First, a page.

Press Releases

Washington, D.C. –  U.S. Senators Marco Rubio (R-FL) and Mark Kirk (R-IL) today urged Secretary of State John Kerry to address the issues challenging Burma’s democratic reform process during his upcoming visit to the country.

In a letter to Kerry, Rubio and Kirk expressed concern over the Burmese government’s lack of progress toward meaningful democratic reform, including the ruling party’s opposition to key constitutional changes that would encourage a fair outcome in the 2015 elections.

“The ruling party has opposed constitutional changes that would level the playing field heading into the 2015 elections, including restrictions on Aung San Suu Kyi’s ability to run for president and the military’s control over key levers of authority,” the senators wrote. “The military controls access to all significant constitutional change, an arrangement that cannot be acceptable in any society that aspires to democracy.”

“The government’s continued failure to stop violence at the community level and address the regional and national environments fueled by intolerance and xenophobia is unacceptable,” the senators continued.

“To that end, we request that you spend at least as much time during your visit talking to civil society groups, representatives of political ethnic nationalities, and non-state armed groups as you do with government officials,” the senators added. “We also urge you to make absolutely clear to your official interlocutors that the status quo in Burma is unacceptable and that meaningful and irreversible progress on these issues is necessary to further advance our bilateral interest in normalizing relations.”

A PDF of the letter is available here.

The full text of the letter is available below:  

Dear Secretary Kerry:

As you visit Burma in the coming days, we write to express our concern about that country’s trajectory. We are particularly concerned that the reform process the United States has sought to support by easing financial sanctions has stalled, and in some important cases, been reversed.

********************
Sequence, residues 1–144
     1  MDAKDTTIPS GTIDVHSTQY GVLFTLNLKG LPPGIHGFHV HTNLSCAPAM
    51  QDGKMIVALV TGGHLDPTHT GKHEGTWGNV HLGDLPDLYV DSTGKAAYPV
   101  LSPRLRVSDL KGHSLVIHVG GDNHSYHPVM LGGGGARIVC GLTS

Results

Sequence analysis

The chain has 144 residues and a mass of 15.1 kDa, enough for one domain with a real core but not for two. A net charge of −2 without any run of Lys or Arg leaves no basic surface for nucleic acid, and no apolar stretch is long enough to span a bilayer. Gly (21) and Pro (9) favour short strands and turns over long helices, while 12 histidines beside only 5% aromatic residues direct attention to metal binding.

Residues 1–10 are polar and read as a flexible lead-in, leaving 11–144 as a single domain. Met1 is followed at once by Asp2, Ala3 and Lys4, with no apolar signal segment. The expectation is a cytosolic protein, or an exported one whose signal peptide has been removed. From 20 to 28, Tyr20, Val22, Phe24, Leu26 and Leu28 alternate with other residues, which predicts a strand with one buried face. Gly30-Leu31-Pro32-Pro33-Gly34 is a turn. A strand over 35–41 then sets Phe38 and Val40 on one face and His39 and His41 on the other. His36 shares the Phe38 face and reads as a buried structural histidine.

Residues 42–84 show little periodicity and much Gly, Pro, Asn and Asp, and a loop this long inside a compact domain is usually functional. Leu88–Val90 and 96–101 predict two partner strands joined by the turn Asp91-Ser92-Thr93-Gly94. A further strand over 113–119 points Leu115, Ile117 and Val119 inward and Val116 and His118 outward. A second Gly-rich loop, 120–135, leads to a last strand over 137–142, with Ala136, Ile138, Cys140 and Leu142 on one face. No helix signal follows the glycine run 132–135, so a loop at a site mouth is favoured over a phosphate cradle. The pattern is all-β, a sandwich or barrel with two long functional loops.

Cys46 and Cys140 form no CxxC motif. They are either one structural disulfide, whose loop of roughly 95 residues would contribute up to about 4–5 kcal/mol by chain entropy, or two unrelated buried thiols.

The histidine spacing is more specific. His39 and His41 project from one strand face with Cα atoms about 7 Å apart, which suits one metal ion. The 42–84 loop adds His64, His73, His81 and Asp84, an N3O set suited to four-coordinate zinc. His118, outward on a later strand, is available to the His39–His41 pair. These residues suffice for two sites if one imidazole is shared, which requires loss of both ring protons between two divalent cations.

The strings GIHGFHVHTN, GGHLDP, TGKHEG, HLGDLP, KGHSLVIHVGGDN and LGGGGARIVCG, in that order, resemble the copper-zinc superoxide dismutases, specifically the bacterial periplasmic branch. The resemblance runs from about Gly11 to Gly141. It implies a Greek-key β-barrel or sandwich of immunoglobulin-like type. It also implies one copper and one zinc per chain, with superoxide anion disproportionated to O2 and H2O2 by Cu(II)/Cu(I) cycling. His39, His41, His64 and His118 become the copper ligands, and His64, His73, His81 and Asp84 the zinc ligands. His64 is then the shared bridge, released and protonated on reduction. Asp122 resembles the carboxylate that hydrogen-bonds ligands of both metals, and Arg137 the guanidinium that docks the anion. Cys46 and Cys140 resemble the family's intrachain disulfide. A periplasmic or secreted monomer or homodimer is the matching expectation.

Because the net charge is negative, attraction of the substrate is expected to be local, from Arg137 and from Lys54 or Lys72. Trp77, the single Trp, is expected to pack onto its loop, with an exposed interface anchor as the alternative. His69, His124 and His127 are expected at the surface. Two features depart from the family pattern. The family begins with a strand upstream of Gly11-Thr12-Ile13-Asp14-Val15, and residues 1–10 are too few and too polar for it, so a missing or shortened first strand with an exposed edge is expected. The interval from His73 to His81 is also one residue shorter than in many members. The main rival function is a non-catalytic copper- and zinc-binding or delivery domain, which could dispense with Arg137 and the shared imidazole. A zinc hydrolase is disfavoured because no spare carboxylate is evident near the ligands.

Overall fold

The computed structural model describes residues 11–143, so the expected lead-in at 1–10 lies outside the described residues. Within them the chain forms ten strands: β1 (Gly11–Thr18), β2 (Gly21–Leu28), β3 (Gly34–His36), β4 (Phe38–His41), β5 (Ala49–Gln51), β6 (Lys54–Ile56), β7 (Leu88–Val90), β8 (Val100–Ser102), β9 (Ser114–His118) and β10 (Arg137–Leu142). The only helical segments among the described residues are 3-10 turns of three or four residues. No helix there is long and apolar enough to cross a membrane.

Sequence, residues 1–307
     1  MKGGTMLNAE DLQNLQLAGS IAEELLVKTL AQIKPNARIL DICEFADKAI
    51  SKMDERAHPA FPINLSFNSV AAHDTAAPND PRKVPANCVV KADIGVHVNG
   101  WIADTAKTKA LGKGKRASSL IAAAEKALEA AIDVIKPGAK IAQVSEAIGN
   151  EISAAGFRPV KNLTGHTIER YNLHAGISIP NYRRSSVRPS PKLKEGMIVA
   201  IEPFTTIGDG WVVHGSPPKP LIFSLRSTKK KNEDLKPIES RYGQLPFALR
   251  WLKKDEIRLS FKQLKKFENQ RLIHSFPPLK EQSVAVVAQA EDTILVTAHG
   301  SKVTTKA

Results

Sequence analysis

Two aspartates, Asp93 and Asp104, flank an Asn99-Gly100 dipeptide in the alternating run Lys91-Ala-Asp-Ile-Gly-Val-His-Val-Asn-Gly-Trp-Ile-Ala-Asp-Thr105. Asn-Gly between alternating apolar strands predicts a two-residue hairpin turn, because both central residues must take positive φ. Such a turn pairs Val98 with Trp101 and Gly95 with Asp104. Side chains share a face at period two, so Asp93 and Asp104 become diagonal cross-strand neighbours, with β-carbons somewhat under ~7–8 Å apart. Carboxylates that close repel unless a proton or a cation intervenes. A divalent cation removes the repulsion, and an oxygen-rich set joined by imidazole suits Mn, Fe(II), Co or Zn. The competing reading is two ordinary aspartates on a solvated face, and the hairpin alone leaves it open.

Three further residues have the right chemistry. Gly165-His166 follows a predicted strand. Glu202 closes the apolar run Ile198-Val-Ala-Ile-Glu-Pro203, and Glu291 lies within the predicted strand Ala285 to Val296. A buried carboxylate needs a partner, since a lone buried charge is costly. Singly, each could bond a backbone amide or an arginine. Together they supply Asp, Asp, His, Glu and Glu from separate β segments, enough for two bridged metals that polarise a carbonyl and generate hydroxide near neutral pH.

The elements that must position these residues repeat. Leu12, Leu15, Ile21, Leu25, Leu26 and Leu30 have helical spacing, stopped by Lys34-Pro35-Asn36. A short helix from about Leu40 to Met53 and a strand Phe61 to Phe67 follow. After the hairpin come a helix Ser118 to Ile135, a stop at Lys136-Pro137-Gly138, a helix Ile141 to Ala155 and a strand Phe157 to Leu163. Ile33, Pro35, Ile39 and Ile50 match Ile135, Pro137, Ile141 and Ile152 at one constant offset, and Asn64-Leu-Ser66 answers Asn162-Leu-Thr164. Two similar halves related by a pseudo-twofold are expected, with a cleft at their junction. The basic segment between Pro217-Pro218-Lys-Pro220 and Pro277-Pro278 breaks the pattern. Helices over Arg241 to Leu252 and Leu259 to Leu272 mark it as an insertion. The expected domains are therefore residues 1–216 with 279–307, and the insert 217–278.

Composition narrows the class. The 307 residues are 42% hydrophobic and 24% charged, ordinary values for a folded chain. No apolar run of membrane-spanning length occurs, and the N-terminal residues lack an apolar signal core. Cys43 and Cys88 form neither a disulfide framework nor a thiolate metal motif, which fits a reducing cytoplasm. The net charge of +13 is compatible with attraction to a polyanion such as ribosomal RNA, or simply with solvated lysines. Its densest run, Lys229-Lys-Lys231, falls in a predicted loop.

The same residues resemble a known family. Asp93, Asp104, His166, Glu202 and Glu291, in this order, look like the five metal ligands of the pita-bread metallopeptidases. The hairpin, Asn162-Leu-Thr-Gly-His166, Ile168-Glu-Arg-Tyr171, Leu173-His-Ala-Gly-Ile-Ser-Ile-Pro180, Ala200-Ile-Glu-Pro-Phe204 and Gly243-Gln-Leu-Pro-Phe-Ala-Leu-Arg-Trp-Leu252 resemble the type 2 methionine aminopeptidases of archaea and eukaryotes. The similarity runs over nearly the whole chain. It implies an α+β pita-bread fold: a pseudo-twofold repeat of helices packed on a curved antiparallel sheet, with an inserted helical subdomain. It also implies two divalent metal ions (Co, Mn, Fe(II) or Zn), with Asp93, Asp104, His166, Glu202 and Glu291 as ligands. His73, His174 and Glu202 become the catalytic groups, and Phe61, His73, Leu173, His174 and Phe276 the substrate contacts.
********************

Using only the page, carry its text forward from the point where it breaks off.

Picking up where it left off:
The Burmese Government has failed to follow through on many of President Thein Sein’s November 2012 commitments to President Obama. Fresh arrests of journalists for simply doing their jobs and problems renewing visas for Burmese journalists with foreign passports have sent a chill through the press corps. Civil society groups report difficulty obtaining office space, as landlords face pressure not to rent ‎to them. National League for Democracy (NLD) legislators report difficulties getting access to information from the government, and face massive disparities in resources.

The ruling party has opposed constitutional changes that would level the playing field heading into the 2015 elections, including restrictions on Aung San Suu Kyi’s ability to run for president and the military’s control over key levers of authority. The military controls access to all significant constitutional change, an arrangement that cannot be acceptable in any society that aspires to democracy.

Things are not better with efforts to resolve Burma’s long-running federalism challenges. While formal government-led peace negotiations lumber on, the Burmese military, or Tatmadaw, remains on the offensive in the Kachin state and continues to terrorize citizens in other ethnic nationalities’ homelands. Ethnic civil society reports government efforts to buy off their leadership with development projects. New reports of rape as a weapon of war and other targeting of civilians show that the much-vaunted reforms remain shallow and largely limited to urban central Burma.

But the most urgent issue challenging Burma’s hoped-for transition is the metastasizing communal violence, both in the context of the humanitarian and human rights disaster in the Rakhine State and the national phenomenon of anti-Muslim violence that is rooted in a narrative of Buddhist grievance. The government’s continued failure to stop violence at the community level and address the regional and national environments fueled by intolerance and xenophobia is unacceptable. Efforts to pass a law banning interfaith marriage enjoys support within the ruling Union Solidarity and Development Party, and there are persistent rumors of ties between current and former military leaders and the most virulent anti-Muslim and anti-Rohingya hate groups.

To that end, we request that you spend at least as much time during your visit talking to civil society groups, representatives of political ethnic nationalities, and non-state armed groups as you do with government officials. We also urge you to make absolutely clear to your official interlocutors that the status quo in Burma is unacceptable and that meaningful and irreversible progress on these issues is necessary to further advance our bilateral interest in normalizing relations.

A true democratic transformation in Burma is something we all hope for. As the President said in his West Point speech, “if Burma succeeds, we have gained a new partner without firing a shot.”  But, as he also noted, “Progress could be reversed.” We fear that we are seeing such a reversal play out in front of our eyes and urge you to address these issues during your visit.

Sincerely,

Marco Rubio
Mark Kirk